Sunday, June 19, 2016

Making memories

AMERICANS take to the road. According to a June 7 article in the International New York Times, lower gasoline prices and a shift inpost-recession values are spurring Americans to get behind the wheel.

The “great American road trip,” writes Clifford Krauss, comes on the tail of the 2008 financial crisis. Americans are savouring their money to “buy happiness” in the form of “adventures and memories”. Unlike “tangible goods that expire and wear out,” a marketing executive described memories as the ultimate acquisitions: “you can’t take away my memory”.

Contrasting with this view of a memory that can be fixed and insured from loss or theft is a line I encountered in Haruki Murakami’s short story, “Yesterday,” published in The New Yorker’s June 9 & 16, 2014

Murakami’s story about lost youth and lost love revolves around a confusing youth named Kitaru, his obsession (or not) for the too-nice-to-be-real Kuritani, and the confused narrator who was Kitaru’s close friend (or not) Tanimura.

However, “Yesterday” isn’t about the eternal love triangle. Murakami starts and ends the story with a meditation over Tanimura’s recall, broken by a16-year gap, of the Kansai translation Kitaru makes of the
Beatles’ classic, “Yesterday”.

When they were 20 and working in a coffee shop, Kitaru translated Paul McCartney’s lyrics into the Kansai dialect. Tanimura listened to Kitaru sing this version as he soaked for an hour or so in the bath: “Yesterday/ Is two days before tomorrow,/ The day after two days ago.”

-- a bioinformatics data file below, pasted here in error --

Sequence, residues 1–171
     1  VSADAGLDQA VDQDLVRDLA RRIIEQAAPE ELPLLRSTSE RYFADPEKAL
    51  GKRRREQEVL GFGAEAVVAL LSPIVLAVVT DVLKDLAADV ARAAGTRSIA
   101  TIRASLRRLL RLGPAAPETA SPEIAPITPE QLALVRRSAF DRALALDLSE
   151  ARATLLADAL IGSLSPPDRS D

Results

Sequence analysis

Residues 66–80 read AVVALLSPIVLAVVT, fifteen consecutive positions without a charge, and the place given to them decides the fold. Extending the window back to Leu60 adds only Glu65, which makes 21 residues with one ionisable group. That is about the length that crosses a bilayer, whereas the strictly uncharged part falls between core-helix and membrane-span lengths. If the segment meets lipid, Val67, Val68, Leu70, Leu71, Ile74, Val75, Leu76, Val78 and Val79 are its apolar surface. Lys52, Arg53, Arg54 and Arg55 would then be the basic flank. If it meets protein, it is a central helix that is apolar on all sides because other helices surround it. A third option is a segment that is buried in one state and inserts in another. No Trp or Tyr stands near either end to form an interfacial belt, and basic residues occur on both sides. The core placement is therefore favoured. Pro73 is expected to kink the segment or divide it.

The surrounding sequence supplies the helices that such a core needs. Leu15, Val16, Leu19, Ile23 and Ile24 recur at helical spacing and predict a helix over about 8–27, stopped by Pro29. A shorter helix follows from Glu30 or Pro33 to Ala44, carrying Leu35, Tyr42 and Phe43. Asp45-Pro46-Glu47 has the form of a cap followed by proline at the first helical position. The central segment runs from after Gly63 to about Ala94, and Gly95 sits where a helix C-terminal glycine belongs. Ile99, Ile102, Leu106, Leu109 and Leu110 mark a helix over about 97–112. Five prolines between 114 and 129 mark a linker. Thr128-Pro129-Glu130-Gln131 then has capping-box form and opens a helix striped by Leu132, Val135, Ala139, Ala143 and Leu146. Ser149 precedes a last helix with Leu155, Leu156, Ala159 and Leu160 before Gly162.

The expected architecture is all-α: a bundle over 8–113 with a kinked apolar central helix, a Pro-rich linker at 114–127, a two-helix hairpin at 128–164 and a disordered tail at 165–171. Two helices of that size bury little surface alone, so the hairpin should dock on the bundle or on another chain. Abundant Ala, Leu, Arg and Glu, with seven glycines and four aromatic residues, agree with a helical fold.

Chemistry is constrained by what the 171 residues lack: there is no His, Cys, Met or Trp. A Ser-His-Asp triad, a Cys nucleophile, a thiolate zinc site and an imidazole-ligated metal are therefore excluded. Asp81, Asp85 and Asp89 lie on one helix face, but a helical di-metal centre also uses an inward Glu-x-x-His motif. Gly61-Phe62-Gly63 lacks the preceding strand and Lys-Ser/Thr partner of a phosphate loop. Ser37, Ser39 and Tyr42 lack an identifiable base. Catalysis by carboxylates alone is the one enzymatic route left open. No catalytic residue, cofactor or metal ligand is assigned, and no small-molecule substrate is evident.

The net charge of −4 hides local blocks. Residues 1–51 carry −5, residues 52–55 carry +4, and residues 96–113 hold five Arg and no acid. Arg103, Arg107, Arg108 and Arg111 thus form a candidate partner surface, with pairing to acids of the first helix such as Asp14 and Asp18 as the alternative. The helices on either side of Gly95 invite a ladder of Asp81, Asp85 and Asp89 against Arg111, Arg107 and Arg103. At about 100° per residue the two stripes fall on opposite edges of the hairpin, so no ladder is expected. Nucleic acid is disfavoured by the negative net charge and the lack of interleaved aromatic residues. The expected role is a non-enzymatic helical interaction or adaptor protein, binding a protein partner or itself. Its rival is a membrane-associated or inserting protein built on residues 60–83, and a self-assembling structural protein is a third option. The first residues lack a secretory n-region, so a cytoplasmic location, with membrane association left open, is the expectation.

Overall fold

Trying to make sense of this translation is impossible. I grew up with my yaya’s portable radio always blaring love songs while she ironed clothes and I was supposed to stay put and avoid mischief (and trouble with my parents for her).

So my memory of “Yesterday” is stuck on the groove of these lines, “Yesterday/ All my troubles seemed so far away/ Now it looks as if they’re here to stay/ Yesterday came suddenly.”

Kitaru’s Kansai translation is impenetrable, given my memory of “Yesterday”. Even if I comprehended Kansai (Murakami’s story was translated for The New Yorker by Philip Gabriel), I would not still be able to choose which was the better remembrance of Paul’s poetry: Kitaru’s or mine.

But I take solace in Murakami’s line: “As time passes, memory, inevitably, reconstitutes itself.”

Reading about America’s post-recession wisdom was disappointing. I understand how it is to lose one’s job and lose one’s home. I, too, would cling to something. But memories?

There is no recipe for making memories. I recently emailed my sister photos of my late father’s Beetle. She emailed me that seeing again the old dashboard made her cry. She remembers holding tightly on to the handle placed in front of the passenger seated next to the driver when my father was in one of his moods.

When I was sorting his things, 11 years after he passed away, I cried only once. My father watched over me while I delivered my first born. He scrubbed for exactly an hour. When I didn’t cry during the worst labor pain, he directed my doctor to open me. My daughter never cries, he said. Ergo, she must be in pain.

I found a paper bag where he saved everything he used in that dawn delivery, including the gloves. When I opened the paper-wrapped maroon scrub gown, I cried. I don’t recall him wearing red at all. Memories cannot be counted on.

( 0917 3226131)

* First published in Sun.Star Cebu's June 12, 2016 issue of the Sunday editorial-page column, "Matamata"

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